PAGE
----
The great struggle of our age is to re-assert our humanity against those institutions that define and treat us as simple automatons. Freudian “Drive-Reduction Theory” attempted to minimize all life into simplistic, mechanical terms. B. F. Skinner went so far as to claim that ALL behavior results from external reinforcement: Reward “good” behavior and punish “bad” behavior, and humans can be conditioned for the better. Utopia, therefore, is just a few conditioning sessions away …
Problem is, living things are inherently complex. Life refuses to be contained within formulas. So when behavioral scientists observed subjects ignoring rewards and spontaneously exploring and experimenting, they had to admit this impulse was internal, rather than external, as Skinner had assumed. A new term arose to describe this activity, as this refreshing article from Medium reports:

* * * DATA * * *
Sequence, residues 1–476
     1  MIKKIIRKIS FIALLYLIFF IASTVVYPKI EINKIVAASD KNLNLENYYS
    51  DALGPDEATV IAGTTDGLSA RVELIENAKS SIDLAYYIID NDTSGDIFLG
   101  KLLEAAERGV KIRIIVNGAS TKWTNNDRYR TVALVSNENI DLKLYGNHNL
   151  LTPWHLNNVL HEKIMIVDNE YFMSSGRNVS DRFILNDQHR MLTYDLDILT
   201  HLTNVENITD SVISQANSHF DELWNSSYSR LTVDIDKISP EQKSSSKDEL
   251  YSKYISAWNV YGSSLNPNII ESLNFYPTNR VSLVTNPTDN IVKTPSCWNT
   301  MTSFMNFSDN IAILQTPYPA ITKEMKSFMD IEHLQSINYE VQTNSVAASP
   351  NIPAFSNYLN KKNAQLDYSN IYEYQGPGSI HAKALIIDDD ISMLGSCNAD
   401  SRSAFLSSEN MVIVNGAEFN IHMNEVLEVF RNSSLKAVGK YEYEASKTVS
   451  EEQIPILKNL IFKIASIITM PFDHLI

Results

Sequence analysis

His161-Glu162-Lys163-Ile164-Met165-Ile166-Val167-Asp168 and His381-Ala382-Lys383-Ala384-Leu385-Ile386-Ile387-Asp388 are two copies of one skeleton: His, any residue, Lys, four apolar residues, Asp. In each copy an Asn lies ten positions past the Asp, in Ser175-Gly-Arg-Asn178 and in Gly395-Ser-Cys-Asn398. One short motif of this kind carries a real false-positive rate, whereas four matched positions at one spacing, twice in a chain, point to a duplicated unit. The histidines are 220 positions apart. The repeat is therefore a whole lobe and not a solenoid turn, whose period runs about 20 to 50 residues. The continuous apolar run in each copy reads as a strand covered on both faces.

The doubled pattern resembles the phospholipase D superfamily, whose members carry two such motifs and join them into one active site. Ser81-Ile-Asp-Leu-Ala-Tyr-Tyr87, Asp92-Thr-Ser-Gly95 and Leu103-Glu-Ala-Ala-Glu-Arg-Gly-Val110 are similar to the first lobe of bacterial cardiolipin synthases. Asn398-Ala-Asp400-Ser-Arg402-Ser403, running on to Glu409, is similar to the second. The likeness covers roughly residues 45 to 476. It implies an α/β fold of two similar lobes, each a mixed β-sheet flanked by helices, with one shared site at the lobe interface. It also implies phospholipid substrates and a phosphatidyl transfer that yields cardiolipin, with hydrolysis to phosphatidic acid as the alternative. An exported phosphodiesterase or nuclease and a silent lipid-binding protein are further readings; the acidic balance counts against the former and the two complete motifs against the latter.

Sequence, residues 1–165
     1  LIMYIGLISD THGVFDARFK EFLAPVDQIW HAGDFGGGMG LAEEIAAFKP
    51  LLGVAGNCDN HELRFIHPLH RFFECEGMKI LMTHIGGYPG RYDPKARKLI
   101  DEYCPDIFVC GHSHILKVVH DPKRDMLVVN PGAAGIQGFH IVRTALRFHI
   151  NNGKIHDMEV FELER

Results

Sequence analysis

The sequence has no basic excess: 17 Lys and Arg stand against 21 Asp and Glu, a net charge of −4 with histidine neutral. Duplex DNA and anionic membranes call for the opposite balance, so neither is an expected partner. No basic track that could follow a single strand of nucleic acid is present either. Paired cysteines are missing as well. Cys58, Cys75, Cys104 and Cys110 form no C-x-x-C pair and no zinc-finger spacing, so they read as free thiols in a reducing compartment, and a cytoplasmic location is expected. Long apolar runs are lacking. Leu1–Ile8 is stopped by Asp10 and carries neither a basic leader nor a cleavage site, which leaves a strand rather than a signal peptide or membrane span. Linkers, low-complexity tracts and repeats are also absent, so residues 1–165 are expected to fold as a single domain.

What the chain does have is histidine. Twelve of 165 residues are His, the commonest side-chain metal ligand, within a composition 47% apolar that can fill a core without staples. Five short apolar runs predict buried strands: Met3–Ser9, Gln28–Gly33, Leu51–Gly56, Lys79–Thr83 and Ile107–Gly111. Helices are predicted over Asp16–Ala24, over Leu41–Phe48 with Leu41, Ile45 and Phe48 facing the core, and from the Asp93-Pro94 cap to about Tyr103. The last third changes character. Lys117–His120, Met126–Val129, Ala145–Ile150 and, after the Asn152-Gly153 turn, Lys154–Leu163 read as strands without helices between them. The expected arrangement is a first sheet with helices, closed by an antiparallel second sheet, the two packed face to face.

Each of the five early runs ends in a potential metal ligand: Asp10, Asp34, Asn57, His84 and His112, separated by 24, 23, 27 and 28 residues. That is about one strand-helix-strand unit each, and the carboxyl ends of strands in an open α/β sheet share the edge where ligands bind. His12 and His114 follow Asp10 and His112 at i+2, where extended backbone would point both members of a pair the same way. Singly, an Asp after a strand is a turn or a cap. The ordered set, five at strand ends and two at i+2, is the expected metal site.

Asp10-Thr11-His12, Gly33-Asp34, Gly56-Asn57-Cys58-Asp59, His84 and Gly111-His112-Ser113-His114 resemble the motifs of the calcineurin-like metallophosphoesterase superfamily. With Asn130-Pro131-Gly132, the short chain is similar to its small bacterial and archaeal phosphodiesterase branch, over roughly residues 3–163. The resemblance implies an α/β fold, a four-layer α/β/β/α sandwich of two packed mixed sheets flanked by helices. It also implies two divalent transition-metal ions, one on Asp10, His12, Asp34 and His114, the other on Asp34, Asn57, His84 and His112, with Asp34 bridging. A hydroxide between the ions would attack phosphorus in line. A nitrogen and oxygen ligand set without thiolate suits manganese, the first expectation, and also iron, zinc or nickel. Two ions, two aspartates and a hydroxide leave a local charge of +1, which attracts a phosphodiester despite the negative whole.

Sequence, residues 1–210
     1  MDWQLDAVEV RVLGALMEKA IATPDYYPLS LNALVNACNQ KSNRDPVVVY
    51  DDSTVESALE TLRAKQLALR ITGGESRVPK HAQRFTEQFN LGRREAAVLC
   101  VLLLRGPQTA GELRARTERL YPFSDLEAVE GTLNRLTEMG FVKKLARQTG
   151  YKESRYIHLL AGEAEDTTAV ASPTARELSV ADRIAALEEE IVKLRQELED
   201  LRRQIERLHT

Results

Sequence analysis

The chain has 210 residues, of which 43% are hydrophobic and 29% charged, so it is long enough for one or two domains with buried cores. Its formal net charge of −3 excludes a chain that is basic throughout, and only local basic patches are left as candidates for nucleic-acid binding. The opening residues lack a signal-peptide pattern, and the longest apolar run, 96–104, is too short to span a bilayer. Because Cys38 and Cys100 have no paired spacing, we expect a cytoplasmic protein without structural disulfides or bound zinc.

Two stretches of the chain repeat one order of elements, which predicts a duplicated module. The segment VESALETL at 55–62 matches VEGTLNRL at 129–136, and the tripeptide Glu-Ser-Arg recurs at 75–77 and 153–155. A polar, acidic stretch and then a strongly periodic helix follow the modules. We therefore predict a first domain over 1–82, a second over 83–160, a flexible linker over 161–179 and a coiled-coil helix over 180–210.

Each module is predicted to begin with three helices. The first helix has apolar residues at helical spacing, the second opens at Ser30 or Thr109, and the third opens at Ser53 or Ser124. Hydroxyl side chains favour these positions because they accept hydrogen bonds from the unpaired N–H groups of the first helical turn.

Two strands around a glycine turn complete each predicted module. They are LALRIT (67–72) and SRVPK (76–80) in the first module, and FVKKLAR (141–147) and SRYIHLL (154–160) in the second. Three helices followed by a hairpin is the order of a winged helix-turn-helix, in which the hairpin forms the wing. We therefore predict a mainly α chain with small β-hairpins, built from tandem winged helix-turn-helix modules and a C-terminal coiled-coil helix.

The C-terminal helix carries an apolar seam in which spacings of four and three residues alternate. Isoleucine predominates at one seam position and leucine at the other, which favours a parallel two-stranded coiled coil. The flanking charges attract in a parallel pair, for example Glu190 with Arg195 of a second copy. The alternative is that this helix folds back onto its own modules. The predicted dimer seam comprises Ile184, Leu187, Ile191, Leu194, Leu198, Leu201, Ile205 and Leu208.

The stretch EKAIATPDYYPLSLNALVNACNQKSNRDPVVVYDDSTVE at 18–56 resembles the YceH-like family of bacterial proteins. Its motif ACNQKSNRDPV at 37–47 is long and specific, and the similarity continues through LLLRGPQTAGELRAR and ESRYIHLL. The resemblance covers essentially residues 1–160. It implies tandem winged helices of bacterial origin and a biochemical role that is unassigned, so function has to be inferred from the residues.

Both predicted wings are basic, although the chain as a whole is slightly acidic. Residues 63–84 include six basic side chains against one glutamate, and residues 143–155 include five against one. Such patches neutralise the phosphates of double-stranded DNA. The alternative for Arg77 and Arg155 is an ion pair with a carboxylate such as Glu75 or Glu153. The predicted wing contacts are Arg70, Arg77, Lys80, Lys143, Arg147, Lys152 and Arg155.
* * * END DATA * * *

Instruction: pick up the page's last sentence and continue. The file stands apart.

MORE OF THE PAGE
Intrinsic motivation refers to the spontaneous tendency “to seek out novelty and challenges, to extend and exercise one’s capacity, to explore, and to learn” (Ryan and Deci, 2000, p.70).
Exercise, games, travel, reading, and even watching TV all satisfy the seeking system to varying levels of effortful operation. On one side of the spectrum someone could climb Mount Everest, and on the other they could browse Netflix. Neuroscientist Jaak Panksepp defines this exploratory behaviour as being driven by the organisms innate seeking system. To reiterate, the anomaly behind seeking is that it provides seemingly very little utilitarian value — it does not fulfil some physiological needs deficit, but we do it anyway. We create our own value from within. Also fascinating, we now know that organisms behave in intrinsically motivated ways even when they are lacking ‘basic’ needs such as food, water, or shelter. How many times have you seen a homeless person reading a book? Do you think they’re practising for a job interview? No, they’re seeking.
The drive to seek, to explore, and experience new things is what attracts us to fantasy. We revolt against the dreary uniformity of globalism by seeking out realms of imagination. That’s why science fiction and fantasy fuel so much popular culture these days. The fantastic is that place where we can once again experience wonder.